April 8, 2016 § 1 Comment
He’s too humble to admit it, but Peter Rieck may be among the most important and influential sailors in the world in the last thirty years. Quiet, unassuming, accommodating, always present, and usually working, Peter has helped many generations learn to sail and learn to love sailing.
His impact is staggering. As the longtime Executive Director of Milwaukee’s Internationally-acclaimed Community Sailing Center, Peter has been the key figure in:
… raising tens of millions of dollars and enlisting tens of thousands of volunteer hours in order to acquire and maintain an unmatched fleet of shared sailboats, to build an award-winning campus, and to create the reference curriculum for sailing centers around the country …
… teaching thousands of kids and adults that wind, water, waves, and working together on a sailboat are priceless joys …
… nurturing hundreds of teens to become counselors, teachers and mentors to their younger peers, and, along the way, to become leaders themselves …
… deftly navigating a minefield of local politics, yachties-gone-altruistic, and scattershot volunteer committees, yet remaining firm and focused on a mission of teaching and sharing, safely, fairly and in good fun …
… showing an otherwise skeptical community that investments in outdoor education, open access to public parks and waterfront, and youth scholarships and part-time work always improve lives, especially when kids face stiff headwinds …
… inspiring a multi-generational team of volunteers to create a sailing community.
If you’ve ever been to MCSC, you know that it feels like a village. Friendly, helpful, accessible, fun. Just like Peter.
Peter announced his retirement a few weeks ago and will be leaving Milwaukee to invent a new life with his long-time partner Kathy, in Chicago.
If he has a fraction of the impact in Chicago that he has had in Milwaukee, the city will be transformed.
February 11, 2015 § Leave a comment
It’s always fun, and a sign that spring will eventually arrive, to share sail-trim concepts with the hopeful and studious folks at the Milwaukee Community Sailing Center. Here are the presentations from this year’s classes. Download and share as you wish.
And here’s the cool Wind Tunnel App that makes classroom conversation a tad more tolerable.
Let’s do this on the water when the ice breaks.
January 6, 2015 § Leave a comment
Barbara McVeigh was, for a time, the Communications/Outreach Director at one of the most innovative community sailing centers I’m aware of, a place call Sailing Education Adventures, in Marin, California.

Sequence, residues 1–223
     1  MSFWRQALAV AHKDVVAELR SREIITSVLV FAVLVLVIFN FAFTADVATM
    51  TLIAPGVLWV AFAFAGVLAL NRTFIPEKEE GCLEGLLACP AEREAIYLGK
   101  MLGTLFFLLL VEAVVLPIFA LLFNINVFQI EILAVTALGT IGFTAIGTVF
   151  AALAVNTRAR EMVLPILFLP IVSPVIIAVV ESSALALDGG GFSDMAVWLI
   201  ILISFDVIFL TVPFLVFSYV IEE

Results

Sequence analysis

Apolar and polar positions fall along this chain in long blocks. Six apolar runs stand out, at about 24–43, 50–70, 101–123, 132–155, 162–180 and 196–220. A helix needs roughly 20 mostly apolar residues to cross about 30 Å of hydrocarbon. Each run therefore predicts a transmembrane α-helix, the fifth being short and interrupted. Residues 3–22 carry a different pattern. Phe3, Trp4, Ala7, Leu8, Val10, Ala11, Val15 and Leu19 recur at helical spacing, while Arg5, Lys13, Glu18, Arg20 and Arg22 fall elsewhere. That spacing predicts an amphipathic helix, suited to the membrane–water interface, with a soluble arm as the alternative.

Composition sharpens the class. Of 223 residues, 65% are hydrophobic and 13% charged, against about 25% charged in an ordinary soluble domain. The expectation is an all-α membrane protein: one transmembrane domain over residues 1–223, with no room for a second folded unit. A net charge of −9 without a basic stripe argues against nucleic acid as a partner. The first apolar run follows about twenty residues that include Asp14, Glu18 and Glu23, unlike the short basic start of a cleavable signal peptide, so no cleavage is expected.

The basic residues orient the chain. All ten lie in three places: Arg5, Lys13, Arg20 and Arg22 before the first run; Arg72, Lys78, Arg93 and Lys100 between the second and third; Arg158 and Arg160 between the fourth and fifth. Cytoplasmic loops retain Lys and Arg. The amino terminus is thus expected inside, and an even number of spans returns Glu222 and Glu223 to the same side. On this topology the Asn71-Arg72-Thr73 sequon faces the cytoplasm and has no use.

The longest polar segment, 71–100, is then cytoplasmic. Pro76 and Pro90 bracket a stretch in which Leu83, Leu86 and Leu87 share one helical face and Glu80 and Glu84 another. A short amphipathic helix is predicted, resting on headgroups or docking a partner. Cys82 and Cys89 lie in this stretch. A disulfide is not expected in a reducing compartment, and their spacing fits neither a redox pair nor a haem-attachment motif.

We’ve been emailing back and forth for years about how SEA links sailing and experiential learning. I’ve been impressed by the organization’s fearless nature- and science-based curriculum, a distant outlier among community and sailing programs that typically focus on skills or racing.
And I was concerned to learn in early 2014 that Barbara was moving onto a new career: independent documentary filmmaking, and that her contributions at SEA were coming to an end.
Instead, Barb upped the ante. She’s challenging everyone who teaches and advocates for sailing to think much bigger.
Her short film “Racing with Copepods,” directed by Carlos Grana, and featuring Kimball Livingston as narrator, begins like any intro to a sailing program with dock talk and PFDs. But soon, the shackles binding conventional thinking come off, and we’re watching kids blast across San Francisco Bay aboard planing dinghies on a destination adventure to collect beach samples and dig in mud. Then they’re casting nets off the transom of an ocean-going research sailboat to collect and study microscopic organisms with scientists as crew-mates. Eventually, the kids explain the links between the Copepods – tiny speedy jumping swimmers – and themselves. They share the water. And the water, therefore, deserves our care.
It’s not a new story that sailing is a great platform for teaching and learning things like leadership, character and inquisitiveness. What’s new is that the connections made to and from sailing by creative mentors like Barbara are limitless. Almost anything you want to learn, you can learn through sailing. And almost anything you want to teach, you can teach through sailing. The key is to make the environment for mentoring. Then, sailing doesn’t need saving. It does the saving.